We hope you find some time to read these brilliant books. If you’d like to read more, you can find our previous reading lists here. If you enjoy our reading lists, please let us know by emailing us at info@d-econ.org, and please feel free to send us suggestions of books we should read and include in our next reading list!

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Diversification and Decolonization in a 4°C World: Quantifying the underrepresentation of Global South scholarship in climate economics

Natalie Gubbay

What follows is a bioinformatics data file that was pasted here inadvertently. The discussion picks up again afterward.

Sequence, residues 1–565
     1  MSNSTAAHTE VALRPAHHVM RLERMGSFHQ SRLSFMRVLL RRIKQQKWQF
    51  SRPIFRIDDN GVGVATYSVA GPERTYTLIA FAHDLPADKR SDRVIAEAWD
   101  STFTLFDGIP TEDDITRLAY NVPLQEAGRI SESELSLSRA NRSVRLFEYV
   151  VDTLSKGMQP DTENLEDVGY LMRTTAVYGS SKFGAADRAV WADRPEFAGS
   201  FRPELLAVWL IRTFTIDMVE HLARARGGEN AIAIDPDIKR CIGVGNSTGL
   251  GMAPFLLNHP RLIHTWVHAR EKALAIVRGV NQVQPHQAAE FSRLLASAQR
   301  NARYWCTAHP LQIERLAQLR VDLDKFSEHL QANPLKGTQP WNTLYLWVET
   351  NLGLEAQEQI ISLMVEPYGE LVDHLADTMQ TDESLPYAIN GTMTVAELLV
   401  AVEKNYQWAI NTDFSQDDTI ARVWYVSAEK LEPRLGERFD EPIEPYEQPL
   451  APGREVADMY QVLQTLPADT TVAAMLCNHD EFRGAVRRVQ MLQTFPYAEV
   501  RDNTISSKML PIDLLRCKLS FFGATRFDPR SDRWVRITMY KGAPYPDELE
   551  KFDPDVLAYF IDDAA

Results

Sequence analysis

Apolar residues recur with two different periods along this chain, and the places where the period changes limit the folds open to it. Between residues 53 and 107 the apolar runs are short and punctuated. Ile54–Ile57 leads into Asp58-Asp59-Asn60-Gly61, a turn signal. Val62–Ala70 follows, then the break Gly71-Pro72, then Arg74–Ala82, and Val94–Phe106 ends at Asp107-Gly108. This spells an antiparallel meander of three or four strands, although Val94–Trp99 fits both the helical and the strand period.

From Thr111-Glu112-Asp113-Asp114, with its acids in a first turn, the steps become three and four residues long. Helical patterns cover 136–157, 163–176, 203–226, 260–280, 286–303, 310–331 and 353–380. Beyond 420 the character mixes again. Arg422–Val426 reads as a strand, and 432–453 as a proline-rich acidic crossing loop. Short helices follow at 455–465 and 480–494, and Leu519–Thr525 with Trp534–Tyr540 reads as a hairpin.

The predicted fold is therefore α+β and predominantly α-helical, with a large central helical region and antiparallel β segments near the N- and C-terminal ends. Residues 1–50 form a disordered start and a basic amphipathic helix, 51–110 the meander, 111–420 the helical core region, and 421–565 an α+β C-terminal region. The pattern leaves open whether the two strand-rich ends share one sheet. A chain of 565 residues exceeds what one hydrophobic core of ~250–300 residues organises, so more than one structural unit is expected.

Economists for Future recently completed a project on the underrepresentation of scholarship from the Global South in climate economics. They analyzed the 50 most cited and 50 most recently published articles on climate change in the top 20-ranked economics journals, as identified by a Web of Science search. They linked publicly available biographical information for each author to determine the percentage of contributors who are affiliated with institutions in the Global South— and found less than 1% of authors in both the most cited and most recent articles were based in the Global South. The full report is posted here: https://econ4future.org/research-note/. Below is a summary of their project by Natalie Gubbay.